Final Thoughts

Final thoughts

Written by Michael Cowden

We’ve been writing a lot about sheet prices, and those for hot-rolled (HR) in particular, coming down. Here’s one thing that hasn’t dropped: The wide spread between HR and cold-rolled (CR) prices.

That’s what’s in the chart below. And I’m using it as a rough proxy for galv and G’lume base prices as well.

A picture tells a thousand words, as the saying goes. So I’m going to try to let the charts speak for themselves in this edition of Final thoughts.

(Editor’s note: If you read these charts on our website, they look fine. If you’re reading this in our newsletter, click on the charts to expand them.)

The $300/st HR-CR spread abides

SMU’s HR price stands at $710 per short ton (st), down $20/st from last week and down $65/st from a month ago. Our CR price is $1,020/st on average, down $5/st from last week and down $50/ton from a month ago. Notice a pattern, right?

The spread between HR and CR, meanwhile, stands at $310/st on average, up $15/ton from $295/st last week and a month ago. Not exactly the same pattern, that.

As we’ve noted before, a $200/st HR-CR/coated spread had been roughly the norm for the post-pandemic era. But it ballooned to approximately $300/st in January of this year. And it has stayed there since.

No imports, eh?

Some of you tell me that no one is interested in buying imports anymore. That does not surprise me when it comes to offshore HR. As David Schollaert notes in today’s newsletter, US HR prices and offshore HR prices are on par once you factor in freight and other costs. Why not buy from a domestic mill when lead times are as short as 3-4 weeks?

That explains some of the results we’ve seen in recent surveys, like this one:

The dark blue bars here mean people consider import pricing competitive. The green bars mean they don’t find offshore pricing attractive.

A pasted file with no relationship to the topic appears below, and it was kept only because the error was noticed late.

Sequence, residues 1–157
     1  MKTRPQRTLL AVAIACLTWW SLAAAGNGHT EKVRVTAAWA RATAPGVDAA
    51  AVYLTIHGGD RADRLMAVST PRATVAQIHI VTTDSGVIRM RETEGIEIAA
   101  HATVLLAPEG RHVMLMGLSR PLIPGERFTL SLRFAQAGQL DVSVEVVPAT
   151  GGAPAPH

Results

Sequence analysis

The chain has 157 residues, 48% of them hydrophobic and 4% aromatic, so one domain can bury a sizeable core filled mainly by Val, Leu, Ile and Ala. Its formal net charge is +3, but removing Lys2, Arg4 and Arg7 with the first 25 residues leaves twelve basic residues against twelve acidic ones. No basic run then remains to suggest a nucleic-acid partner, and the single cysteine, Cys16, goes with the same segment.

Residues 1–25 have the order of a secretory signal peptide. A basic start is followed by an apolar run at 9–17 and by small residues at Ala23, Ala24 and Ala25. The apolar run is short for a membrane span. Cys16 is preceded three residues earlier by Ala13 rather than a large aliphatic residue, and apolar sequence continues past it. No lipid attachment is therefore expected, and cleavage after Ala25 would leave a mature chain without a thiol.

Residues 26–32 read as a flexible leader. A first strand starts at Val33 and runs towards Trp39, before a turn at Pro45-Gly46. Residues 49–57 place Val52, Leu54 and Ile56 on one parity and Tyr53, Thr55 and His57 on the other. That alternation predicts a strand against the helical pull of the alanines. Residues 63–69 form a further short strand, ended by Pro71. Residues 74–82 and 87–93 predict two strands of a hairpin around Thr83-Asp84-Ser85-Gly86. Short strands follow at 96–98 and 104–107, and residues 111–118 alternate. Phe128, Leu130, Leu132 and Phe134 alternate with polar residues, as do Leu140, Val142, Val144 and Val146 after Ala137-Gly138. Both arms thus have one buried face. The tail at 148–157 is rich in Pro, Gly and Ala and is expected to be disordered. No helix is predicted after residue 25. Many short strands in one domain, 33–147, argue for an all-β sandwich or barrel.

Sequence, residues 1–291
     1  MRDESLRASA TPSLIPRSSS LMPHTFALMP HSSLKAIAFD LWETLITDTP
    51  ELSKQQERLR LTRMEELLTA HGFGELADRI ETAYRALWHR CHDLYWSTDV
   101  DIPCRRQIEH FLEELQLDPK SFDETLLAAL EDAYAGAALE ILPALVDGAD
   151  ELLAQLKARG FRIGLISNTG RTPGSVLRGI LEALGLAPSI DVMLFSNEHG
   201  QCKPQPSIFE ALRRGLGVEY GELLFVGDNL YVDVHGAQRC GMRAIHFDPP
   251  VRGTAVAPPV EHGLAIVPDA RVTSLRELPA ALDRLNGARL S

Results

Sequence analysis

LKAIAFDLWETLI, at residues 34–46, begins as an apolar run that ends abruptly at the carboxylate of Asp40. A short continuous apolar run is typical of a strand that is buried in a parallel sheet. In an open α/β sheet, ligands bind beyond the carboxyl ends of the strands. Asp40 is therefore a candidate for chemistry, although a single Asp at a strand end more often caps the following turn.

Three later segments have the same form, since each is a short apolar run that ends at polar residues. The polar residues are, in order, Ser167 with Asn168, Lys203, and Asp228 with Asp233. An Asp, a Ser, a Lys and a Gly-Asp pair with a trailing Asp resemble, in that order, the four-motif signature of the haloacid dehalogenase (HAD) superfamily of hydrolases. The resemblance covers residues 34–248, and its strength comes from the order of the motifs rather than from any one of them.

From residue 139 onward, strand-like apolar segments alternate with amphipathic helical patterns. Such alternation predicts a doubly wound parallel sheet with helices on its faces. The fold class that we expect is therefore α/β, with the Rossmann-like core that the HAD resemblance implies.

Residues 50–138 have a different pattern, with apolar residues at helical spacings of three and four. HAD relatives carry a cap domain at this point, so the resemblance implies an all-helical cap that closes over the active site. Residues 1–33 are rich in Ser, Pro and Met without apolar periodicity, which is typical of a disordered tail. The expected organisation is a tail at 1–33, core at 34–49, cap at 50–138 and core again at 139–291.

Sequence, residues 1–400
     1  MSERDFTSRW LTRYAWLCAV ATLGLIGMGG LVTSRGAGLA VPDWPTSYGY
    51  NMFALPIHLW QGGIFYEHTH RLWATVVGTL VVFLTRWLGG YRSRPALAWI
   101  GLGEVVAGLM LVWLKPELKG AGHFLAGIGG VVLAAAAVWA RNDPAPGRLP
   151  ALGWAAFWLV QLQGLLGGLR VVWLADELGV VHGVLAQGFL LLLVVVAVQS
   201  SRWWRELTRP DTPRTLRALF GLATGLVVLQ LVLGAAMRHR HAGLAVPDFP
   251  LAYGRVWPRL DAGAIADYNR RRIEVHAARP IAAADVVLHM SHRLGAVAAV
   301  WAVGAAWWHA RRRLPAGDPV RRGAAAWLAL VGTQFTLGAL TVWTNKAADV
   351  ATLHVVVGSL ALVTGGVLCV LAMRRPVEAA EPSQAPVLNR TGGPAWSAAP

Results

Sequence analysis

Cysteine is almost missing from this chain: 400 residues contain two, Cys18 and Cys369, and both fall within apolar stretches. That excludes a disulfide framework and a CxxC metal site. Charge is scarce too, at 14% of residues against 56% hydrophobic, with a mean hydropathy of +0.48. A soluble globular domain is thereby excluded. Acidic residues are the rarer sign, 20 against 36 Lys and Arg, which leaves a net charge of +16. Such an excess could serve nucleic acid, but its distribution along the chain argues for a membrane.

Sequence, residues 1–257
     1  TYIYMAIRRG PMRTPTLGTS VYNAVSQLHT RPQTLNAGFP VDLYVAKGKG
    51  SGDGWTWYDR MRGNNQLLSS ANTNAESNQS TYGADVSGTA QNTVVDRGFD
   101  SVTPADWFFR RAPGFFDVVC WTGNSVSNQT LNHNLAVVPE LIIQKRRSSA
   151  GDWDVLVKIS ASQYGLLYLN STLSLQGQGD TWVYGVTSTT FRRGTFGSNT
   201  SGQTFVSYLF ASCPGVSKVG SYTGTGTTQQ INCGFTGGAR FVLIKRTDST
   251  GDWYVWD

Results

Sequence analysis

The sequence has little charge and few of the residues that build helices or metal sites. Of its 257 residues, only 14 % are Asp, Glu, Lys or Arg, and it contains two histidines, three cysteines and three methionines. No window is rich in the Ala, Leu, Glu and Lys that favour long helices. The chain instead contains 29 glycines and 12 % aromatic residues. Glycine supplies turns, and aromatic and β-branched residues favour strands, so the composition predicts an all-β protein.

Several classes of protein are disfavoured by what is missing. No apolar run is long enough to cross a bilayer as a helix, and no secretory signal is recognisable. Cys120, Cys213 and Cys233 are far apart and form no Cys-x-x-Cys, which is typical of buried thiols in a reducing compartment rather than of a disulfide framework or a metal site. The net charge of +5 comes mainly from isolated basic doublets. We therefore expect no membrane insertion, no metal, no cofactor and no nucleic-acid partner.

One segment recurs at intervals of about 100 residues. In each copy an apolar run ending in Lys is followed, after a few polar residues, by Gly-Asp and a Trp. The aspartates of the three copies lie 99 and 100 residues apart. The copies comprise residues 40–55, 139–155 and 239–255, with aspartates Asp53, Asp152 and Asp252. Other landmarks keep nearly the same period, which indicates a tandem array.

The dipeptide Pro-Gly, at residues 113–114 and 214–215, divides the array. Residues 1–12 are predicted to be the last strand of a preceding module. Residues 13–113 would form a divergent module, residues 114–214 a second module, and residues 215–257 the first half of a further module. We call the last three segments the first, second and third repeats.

At the beginning of this quarter, nearly 80% of service centers we polled found imports attractive. The script has flipped. Now most tell us they don’t find imports competitively priced. (I think you could make a case that Nucor’s CSP in April was trying to get ahead of another spike in US prices, followed by another spike in imports.)

And it’s not just service centers who say that imports are less appealing. Traders tell us that they’re seeing business from their US buyers decreasing.

I didn’t pull this slide by product. (You can see that here. Check slides 52-43 from the June 7 survey.) The one area where traders pretty much unanimously tell us that their prices remain competitive is coated.

David will be updating charts on the spread between foreign and domestic CR prices for our Sunday issue. But I’m guessing we won’t see a big change from when we last updated things:

Yes, US CR prices (which, again, I’m using as proxy for coated base prices) are starting to come back down to earth. And as Laura Miller noted in her article earlier this week on May import licenses, steel imports in general are down from recent highs.

But if you look at flat-rolled in general, it’s leveled off but at a high level. Though it’s not coming down yet. And it’s a different story entirely if you look at coated products. Galvanized and “other” metallic products – a category that includes Galvalume – are still trending up.